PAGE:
My grandmas are nothing if not hospitable. They both claim to find it stressful, and to dislike having people congregating in their respective kitchens, but they both – in their own special ways – are natural born hostesses.
There was always the golden rule of returning a borrowed casserole dish full (never empty), but there was another unspoken rule written into both households: is a guest coming? Better bake.
And it wasn’t just special occasions. If you hadn’t been seen in awhile (and ‘awhile’ could mean anything from a week to eight months), it was expected that you’d have a sweet treat all to yourself. I once returned from college for a weekend and found not one, not two, but three blueberry pies to my name – because I’d once mentioned it was my favourite.
I think that’s why, when someone (anyone) comes to my house, there is bound to be a freshly baked something to welcome them in. It just seems unnatural any other way.
So when my uncle came to visit for a weekend in November, the baking sheets came out once again. Now, my uncle (like my dad – they are twins after all) isn’t exactly a sweet tooth. So I went easy on the cakes/cookies/cupcakes and chose a British standard instead. It’s apparently good with coffee, and it’s even better fresh from the oven. Welcome accordingly.
For the buns:
4-8 cups flour*
1 tsp salt
1 sachet fast-acting dry yeast
1 1/4 cups milk
2 1/2 tbsp unsalted butter, softened
For the filling:
2 tbsp butter, melted
1/3 cup brown sugar
2 tsp cinnamon
1/2 cup dried fruit*
1. Sift the flour and salt into a large bowl. Make a well in the centre and add the yeast. Melt the milk and butter in a saucepan until the butter is just melted. Add the milk mixture and the egg to the flour mixture and gently mix until just combined. Add extra flour as needed to form a soft dough.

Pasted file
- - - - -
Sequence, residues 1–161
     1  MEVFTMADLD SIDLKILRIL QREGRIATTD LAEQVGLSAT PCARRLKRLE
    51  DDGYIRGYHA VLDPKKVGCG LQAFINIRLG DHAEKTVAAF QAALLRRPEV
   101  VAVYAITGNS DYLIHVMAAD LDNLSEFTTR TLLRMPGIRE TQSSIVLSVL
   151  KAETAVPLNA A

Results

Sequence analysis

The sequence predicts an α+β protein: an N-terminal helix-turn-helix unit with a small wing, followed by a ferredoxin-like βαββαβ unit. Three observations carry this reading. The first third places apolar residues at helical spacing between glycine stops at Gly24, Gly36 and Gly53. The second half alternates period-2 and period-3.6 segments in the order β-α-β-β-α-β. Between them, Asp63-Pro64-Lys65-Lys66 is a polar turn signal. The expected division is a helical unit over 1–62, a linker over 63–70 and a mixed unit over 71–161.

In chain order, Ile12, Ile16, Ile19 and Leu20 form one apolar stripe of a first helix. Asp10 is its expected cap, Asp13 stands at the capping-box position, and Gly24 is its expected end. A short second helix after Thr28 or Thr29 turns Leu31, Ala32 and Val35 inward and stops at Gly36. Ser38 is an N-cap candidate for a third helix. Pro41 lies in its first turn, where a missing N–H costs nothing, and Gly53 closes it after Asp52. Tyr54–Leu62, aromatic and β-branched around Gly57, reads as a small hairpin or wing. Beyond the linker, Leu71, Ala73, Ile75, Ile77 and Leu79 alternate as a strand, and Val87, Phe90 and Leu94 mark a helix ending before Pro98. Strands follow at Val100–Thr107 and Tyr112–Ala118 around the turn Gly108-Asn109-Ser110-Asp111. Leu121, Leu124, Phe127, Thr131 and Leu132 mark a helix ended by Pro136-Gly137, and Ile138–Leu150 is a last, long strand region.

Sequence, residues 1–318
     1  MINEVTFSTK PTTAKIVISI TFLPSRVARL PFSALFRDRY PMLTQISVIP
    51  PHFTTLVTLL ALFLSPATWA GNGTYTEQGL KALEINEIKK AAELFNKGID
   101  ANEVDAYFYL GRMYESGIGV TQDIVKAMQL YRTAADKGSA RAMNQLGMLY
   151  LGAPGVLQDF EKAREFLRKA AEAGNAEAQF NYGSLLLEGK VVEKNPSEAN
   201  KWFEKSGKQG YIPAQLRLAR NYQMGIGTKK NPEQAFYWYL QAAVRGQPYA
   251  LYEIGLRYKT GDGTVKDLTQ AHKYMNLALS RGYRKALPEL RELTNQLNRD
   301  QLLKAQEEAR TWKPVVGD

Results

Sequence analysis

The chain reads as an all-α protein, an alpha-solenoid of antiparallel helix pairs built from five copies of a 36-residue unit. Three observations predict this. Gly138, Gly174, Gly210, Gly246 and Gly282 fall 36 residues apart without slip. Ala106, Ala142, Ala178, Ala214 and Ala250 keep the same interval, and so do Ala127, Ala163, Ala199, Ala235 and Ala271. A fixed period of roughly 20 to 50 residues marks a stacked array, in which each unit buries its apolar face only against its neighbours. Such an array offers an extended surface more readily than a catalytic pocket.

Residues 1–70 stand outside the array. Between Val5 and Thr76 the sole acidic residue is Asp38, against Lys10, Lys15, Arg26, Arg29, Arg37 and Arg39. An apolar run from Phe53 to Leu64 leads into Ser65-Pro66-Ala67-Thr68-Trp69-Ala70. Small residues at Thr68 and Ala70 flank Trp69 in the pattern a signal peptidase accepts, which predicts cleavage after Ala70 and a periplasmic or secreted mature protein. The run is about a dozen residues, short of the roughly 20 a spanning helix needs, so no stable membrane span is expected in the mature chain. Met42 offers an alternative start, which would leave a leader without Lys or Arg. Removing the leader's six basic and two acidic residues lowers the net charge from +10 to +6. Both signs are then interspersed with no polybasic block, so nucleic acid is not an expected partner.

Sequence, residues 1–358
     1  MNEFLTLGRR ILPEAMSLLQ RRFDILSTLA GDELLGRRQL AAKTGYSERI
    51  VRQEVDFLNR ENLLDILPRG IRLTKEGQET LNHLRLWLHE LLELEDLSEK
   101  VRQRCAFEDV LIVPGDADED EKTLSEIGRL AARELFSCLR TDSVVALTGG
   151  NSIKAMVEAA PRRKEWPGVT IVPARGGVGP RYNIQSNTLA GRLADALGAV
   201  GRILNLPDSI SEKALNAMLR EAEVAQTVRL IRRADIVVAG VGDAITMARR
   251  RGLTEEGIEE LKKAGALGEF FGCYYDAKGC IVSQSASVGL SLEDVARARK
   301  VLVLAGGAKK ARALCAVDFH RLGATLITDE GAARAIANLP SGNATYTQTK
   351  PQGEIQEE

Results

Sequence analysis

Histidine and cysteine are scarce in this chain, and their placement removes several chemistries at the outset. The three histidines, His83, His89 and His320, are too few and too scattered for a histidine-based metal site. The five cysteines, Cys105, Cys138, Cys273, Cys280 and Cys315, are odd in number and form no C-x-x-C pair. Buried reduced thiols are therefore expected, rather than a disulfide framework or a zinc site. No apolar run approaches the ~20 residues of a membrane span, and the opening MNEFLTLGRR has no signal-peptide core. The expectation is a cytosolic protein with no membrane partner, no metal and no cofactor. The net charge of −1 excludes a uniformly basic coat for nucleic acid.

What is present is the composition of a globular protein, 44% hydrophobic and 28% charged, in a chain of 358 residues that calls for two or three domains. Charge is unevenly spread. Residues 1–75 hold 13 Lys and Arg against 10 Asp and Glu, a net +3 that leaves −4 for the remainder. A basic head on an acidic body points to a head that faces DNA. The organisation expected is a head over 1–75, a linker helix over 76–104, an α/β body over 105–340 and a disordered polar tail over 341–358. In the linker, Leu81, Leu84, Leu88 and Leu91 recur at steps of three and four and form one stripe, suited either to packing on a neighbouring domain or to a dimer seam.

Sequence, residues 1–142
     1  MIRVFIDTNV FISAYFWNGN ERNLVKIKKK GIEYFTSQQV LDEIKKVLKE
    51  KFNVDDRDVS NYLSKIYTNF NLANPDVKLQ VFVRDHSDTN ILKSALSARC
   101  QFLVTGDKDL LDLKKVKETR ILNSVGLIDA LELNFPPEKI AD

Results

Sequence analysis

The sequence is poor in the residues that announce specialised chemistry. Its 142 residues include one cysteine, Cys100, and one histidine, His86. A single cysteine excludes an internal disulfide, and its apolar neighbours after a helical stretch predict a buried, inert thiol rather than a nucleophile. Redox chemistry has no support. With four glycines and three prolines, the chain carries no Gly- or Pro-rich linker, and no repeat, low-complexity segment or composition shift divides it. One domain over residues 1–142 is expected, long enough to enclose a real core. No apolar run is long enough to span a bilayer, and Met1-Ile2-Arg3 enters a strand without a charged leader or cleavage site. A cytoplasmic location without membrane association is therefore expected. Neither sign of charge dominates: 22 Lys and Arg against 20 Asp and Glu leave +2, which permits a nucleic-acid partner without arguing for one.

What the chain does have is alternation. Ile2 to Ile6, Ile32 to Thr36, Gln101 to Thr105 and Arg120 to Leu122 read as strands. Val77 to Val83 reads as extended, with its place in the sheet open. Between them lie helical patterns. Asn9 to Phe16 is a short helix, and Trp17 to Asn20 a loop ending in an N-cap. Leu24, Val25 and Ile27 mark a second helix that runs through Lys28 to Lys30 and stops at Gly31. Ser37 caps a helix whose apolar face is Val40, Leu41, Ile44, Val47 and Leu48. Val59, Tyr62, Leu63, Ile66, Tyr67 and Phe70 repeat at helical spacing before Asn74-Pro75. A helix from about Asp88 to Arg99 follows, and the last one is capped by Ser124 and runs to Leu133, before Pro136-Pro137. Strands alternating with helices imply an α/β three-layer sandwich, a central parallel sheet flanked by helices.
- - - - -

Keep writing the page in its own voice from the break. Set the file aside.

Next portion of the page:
2. Turn the dough out onto a floured surface. Knead for 5 minutes until dough is soft and elastic, and not sticky (you may need to add a bit more flour). Lightly oil a bowl with some vegetable oil. Place the dough in the bowl and turn to coat with the oil. Cover the bowl with plastic wrap and set aside in a warm place for an hour, or until the dough doubles in size.
3. Knock back the dough to its original size, then turn out onto a lightly floured surface. Roll the dough out into a rectangle shape about 1/4 inch thick. Brush with the melted butter, then sprinkle with brown sugar, cinnamon, and fruit. Roll the dough into a tight cylinder, then cut into 10 x 1 1/2 inch slices and set onto a lightly greased baking sheet. Cover with a towel and set aside for 30 minutes.
4. Preheat the oven to 375F (190C). Bake the buns for 20-25 minutes or until golden brown. Set aside to cool completely.
The original recipe calls for strong bread flour, but I used all-purpose and the buns still come out great.
I used raisins, but you can use any dried fruit. Dried cherries would make a nice addition.
Recipe adapted from the BBC.